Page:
Sleep Soundly for Heart Health

About one-third of Americans sleep 6.5 hours or less a night, according to the National Sleep Foundation. While these Americans may be putting their health at risk, people shouldn’t spend all of their time sleeping, either; research shows that sleeping more than nine hours may also have deleterious effects, although the reasons for this are less clear.

I think there are two or three things that may be important. Short-term studies show that with sleep deprivation, the sympathatic nervous system becomes activated. As a result, your blood vessels constrict and your blood pressure tends to go up. And we think that may play a role in heart disease. Sleep deprivation probably also affects the regulation of blood sugar. If you’re sleep deprived, it requires more insulin to keep your blood sugar where it should be than it does if you’re not sleep deprived.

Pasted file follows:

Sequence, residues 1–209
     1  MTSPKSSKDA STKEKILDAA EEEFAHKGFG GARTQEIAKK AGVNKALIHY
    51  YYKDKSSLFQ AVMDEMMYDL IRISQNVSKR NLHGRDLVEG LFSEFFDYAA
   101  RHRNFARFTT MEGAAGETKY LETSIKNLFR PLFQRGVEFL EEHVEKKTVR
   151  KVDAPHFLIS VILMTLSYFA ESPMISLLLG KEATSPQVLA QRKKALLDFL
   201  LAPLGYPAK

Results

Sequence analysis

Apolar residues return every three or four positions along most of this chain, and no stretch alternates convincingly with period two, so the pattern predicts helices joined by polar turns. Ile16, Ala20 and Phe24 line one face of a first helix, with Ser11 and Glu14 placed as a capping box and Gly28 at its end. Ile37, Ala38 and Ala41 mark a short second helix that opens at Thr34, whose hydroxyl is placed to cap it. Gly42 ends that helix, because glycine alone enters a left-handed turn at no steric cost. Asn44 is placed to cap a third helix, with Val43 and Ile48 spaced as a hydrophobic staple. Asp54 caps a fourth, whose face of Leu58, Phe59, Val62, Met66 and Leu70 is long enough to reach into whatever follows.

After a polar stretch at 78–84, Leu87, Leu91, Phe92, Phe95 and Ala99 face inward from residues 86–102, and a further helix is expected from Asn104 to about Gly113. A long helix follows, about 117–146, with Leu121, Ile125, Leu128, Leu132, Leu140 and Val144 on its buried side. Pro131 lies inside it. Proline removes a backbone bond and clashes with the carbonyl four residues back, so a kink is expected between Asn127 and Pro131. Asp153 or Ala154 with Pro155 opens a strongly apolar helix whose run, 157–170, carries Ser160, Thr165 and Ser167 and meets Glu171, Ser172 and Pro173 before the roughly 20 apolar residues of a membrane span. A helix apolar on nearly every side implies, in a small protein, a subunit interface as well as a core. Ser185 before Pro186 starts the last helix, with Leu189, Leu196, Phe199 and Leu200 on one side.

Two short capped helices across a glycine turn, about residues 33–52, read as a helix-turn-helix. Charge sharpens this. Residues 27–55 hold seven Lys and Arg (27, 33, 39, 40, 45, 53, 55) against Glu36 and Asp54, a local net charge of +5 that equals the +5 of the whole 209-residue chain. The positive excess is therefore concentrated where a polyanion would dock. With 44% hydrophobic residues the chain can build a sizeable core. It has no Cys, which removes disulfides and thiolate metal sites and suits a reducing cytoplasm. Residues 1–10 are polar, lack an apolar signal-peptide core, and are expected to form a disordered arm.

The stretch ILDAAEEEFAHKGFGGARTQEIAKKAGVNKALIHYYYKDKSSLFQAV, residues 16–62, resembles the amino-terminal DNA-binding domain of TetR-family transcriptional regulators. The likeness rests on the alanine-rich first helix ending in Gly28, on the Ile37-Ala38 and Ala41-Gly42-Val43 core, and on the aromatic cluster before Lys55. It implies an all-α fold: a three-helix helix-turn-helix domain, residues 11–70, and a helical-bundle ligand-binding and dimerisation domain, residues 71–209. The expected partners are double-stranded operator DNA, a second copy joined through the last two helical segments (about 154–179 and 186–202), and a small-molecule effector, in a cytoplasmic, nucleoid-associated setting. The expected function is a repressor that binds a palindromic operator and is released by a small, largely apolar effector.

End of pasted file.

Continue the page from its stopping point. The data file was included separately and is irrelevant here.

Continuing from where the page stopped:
There have been at least three major studies of huge groups of people to look at the relationship between sleep duration and some of these outcomes, and they’ve all shown that if you sleep too long, you tend to get adverse outcomes. In some cases, the outcome was heart disease.

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